Thursday, May 31, 2012

The Retirement of Perfection

Last night, we got the news we'd feared. There was going to be a press conference today at 11am, and as was written on, "Participants at the press conference will include Red Wings Executive Vice President & General Manager Ken Holland and Lidstrom..."

The speculation started immediately, with sources within the front office being cited that the announcement would be that Nicklas Lidstrom was going to be announcing his retirement. To say I was shocked is an understatement. To say I was saddened is to speak of such obviousness that it borders on stupidity. In my years of being a Detroit Red Wings fan, I have never known the team to be without #5.

Nick, before you go, can you go down a high five line
through the entire state of Michigan? Please? AP Photo
This blog's name is a celebration of the fact that the Wings took a good look at this young Swedish defenseman and saw a winner. And it wasn't until the 3rd round of the draft that he was finally selected. I don't know if they saw the man Nicklas Lidstrom would become by the age 42, but they saw someone they knew they wanted to be a part of their team. I have no problem believing Lidstrom has exceeded all expectations and then some. He is an inspiration to everyone. Let's list off some of his accomplishments. It doesn't need to be done. We all know how great of a player he is. But let's take a moment to absorb again just how much this man has meant to Detroit, to hockey and to the universe.

  • World Championship Gold Medal: 1991
  • 4 Stanley Cups: 1997, 1998, 2002 and 2008: He was the first European born captain to win it
  • 12 NHL All Star Nominations
  • 10 NHL First All-Star Team Nominations
  • 7 Norris Trophies: including one at age 41 years, 57 days (oldest ever), and he was the first European born player to win it
  • Conn Smythe Winner: first European born player to win it
  • Olympic Gold Medal: 2006
  • Most regular seasons games played with only one team: 1,564
  • Oldest player to ever record his first hat trick at 40 years old


And that's just SOME of his achievements. That's not even his team awards. That's not even mentioning that he did all of that with a quiet determination and the utmost of sportsmanship, of gamemanship. He managed to stave off injuries, he managed to shut down some of the best goal scorers in the history of the game, he picked up the role of being the captain of one of the greatest sports franchises ever. He did so after that franchise lost one of the greatest captains in sports history. He never missed a beat. He did it with quiet professionalism; he tried to be the perfect human being, the perfect defenseman, the perfect leader. And he did it all with humility, honor and dignity. Find me one person who honestly can say something negative about Nicklas Lidstrom's character.

This man makes other human beings look like wastes of space, and I'm sure he would look any body in the eye and tell them what value they bring to this world and the people around them. And he would be telling the truth when he said it. And you'd believe him. Yes you would.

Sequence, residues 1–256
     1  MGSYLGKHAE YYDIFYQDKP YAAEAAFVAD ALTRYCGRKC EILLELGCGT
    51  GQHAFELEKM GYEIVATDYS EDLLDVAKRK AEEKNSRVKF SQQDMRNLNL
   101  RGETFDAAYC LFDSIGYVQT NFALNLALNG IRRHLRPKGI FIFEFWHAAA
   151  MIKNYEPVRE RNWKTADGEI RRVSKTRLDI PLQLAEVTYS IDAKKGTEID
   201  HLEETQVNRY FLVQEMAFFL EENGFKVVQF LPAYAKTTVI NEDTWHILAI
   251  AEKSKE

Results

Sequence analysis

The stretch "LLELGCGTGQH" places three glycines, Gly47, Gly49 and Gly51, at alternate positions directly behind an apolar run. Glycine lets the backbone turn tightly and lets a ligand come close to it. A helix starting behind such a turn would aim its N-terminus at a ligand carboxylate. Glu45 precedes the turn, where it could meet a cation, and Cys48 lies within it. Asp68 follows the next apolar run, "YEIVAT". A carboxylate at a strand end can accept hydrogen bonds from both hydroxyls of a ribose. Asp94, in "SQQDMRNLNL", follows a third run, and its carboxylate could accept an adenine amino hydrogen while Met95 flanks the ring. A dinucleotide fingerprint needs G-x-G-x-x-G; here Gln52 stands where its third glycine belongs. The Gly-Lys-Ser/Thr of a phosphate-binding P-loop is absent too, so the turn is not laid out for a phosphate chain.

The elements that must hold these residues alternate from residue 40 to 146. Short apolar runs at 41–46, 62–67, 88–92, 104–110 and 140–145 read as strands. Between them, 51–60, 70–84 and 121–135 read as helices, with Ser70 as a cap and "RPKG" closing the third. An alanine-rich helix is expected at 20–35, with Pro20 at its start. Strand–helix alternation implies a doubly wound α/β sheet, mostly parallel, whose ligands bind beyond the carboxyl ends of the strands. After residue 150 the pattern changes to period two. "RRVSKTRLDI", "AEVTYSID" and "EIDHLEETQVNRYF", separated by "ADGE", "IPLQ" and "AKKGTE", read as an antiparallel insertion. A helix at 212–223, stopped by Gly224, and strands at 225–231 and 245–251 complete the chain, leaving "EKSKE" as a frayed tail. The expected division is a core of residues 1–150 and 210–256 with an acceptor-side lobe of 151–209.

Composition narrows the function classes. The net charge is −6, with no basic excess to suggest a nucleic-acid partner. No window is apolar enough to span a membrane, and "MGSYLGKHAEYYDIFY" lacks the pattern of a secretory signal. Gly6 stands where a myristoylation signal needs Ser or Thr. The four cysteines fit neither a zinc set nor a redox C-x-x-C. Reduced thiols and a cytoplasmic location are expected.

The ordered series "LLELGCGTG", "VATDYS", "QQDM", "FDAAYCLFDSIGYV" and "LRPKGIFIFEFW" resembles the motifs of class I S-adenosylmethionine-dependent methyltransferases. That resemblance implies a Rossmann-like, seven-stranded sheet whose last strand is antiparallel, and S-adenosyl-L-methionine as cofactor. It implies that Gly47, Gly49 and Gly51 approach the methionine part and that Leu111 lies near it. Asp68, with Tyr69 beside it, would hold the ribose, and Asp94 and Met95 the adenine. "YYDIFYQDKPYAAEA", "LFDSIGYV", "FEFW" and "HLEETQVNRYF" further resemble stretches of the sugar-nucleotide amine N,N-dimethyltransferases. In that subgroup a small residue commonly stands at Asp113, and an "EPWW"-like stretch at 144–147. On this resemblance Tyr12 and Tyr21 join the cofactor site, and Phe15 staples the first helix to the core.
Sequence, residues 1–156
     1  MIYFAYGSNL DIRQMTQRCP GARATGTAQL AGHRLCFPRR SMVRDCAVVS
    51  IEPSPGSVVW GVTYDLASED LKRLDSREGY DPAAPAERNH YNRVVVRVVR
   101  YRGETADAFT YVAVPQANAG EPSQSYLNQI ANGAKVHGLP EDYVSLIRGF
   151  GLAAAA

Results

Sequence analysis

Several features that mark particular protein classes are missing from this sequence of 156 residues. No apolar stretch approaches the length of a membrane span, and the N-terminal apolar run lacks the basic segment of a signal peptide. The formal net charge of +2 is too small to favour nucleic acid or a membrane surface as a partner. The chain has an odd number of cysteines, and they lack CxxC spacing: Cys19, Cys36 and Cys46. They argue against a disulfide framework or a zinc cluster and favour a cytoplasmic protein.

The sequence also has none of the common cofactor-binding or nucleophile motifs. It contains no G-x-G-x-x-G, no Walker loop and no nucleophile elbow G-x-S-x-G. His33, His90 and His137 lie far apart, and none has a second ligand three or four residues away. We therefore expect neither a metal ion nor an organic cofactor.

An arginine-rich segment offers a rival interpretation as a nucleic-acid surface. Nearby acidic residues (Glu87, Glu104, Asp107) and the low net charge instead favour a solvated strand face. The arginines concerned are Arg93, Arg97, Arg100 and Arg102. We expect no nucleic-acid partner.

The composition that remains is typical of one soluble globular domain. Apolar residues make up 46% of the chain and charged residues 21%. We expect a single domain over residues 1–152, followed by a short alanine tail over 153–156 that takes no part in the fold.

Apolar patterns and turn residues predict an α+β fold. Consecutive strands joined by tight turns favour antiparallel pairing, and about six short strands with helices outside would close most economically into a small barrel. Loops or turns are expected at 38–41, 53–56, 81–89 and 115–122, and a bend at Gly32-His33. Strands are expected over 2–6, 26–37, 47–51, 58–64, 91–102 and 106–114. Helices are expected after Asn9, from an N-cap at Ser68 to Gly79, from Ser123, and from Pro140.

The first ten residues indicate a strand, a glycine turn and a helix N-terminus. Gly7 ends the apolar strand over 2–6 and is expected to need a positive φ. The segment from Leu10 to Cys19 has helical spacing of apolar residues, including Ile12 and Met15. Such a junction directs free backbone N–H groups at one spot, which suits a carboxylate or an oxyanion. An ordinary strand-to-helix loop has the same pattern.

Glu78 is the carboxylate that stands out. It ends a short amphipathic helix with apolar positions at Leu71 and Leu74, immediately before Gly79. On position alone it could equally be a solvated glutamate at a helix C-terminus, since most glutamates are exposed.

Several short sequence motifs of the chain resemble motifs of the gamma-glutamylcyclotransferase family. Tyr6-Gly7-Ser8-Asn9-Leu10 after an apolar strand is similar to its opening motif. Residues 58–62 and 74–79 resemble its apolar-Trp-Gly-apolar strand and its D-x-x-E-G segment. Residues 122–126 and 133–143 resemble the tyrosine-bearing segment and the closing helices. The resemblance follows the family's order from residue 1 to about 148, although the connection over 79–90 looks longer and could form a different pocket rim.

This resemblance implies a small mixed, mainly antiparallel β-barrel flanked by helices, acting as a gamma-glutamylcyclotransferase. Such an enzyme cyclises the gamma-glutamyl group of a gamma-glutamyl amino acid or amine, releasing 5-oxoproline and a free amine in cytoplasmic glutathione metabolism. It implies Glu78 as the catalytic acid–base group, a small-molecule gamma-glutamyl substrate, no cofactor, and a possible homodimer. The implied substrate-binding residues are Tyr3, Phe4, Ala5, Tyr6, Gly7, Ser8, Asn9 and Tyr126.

When I played hockey, my final season of JV hockey, I was moved from forward to defense. During that transition, I needed to find a player whose style I could emulate. I watched Nicklas Lidstrom, and I tried to be him. I tried to always be in the right place, I tried to keep my stick in the passing lanes, I tried to always poke check, block a shot, or pinch off against the boards. I didn't go for the big hit. I always tried to keep my composure. The entire season, I only received 2 penalty minutes. I played on the PK, I played on the PP. I tried to do everything and be the perfect defenseman.

Obviously, I was far and away from being Lidstrom, but I know I was better for my team because of my endeavors to be like him.

It hasn't fully sunk in yet. As I said to the Detroit Free Press on Twitter, I will continue to cling to false hope as long as there is an absence of any other kind. And I'm sure once I hear the announcement, I'm sure once it finally hits, I will cry. I cried when Oh Captain, My Captain Steve Yzerman retired. I will cry. We may never see another Nicklas Lidstrom in my life time. He has meant everything.

There are two things that do make me particularly sad about his retirement. First, that the decision is made, and there's nothing anyone can do about it. We could amass the entire collection of Red Wings fans outside the Joe Louis Arena today, and it wouldn't change the outcome. Secondly, that there will be no Nicklas Lidstrom at the Winter Classic next year. Sure, he may play in the Alumni Game - and I sincerely hope that if he does retire, he will play in the alumni game - but no Nicklas Lidstrom for the actual classic? That's just not right. But I have been making an argument that sometimes we have to think about what is best for the player instead of the team, and maybe this is what is best for Nicklas Lidstrom.

So no anger. No fear. We will survive and persevere. It doesn't matter that Sports Center couldn't even be bothered to mention his retirement this morning. It doesn't matter that we may not know what is going to happen on our blue line. That's irrelevant. What matters is the thanks we owe Nicky Lidstrom.

Thank you Nick, for being so good for so long. Thank you Nick, for staying with this team for 20 years. Thank you Nick, for your contributions to 4 Stanley Cups, 20 years of playoffs, and a 23 game home win streak. Thank you for scoring from center ice to start the rally

Thank you for being a model and an inspiration for me and so many young hockey players around the world. Thank you for being as perfect a human can hope to be. Just...thank you.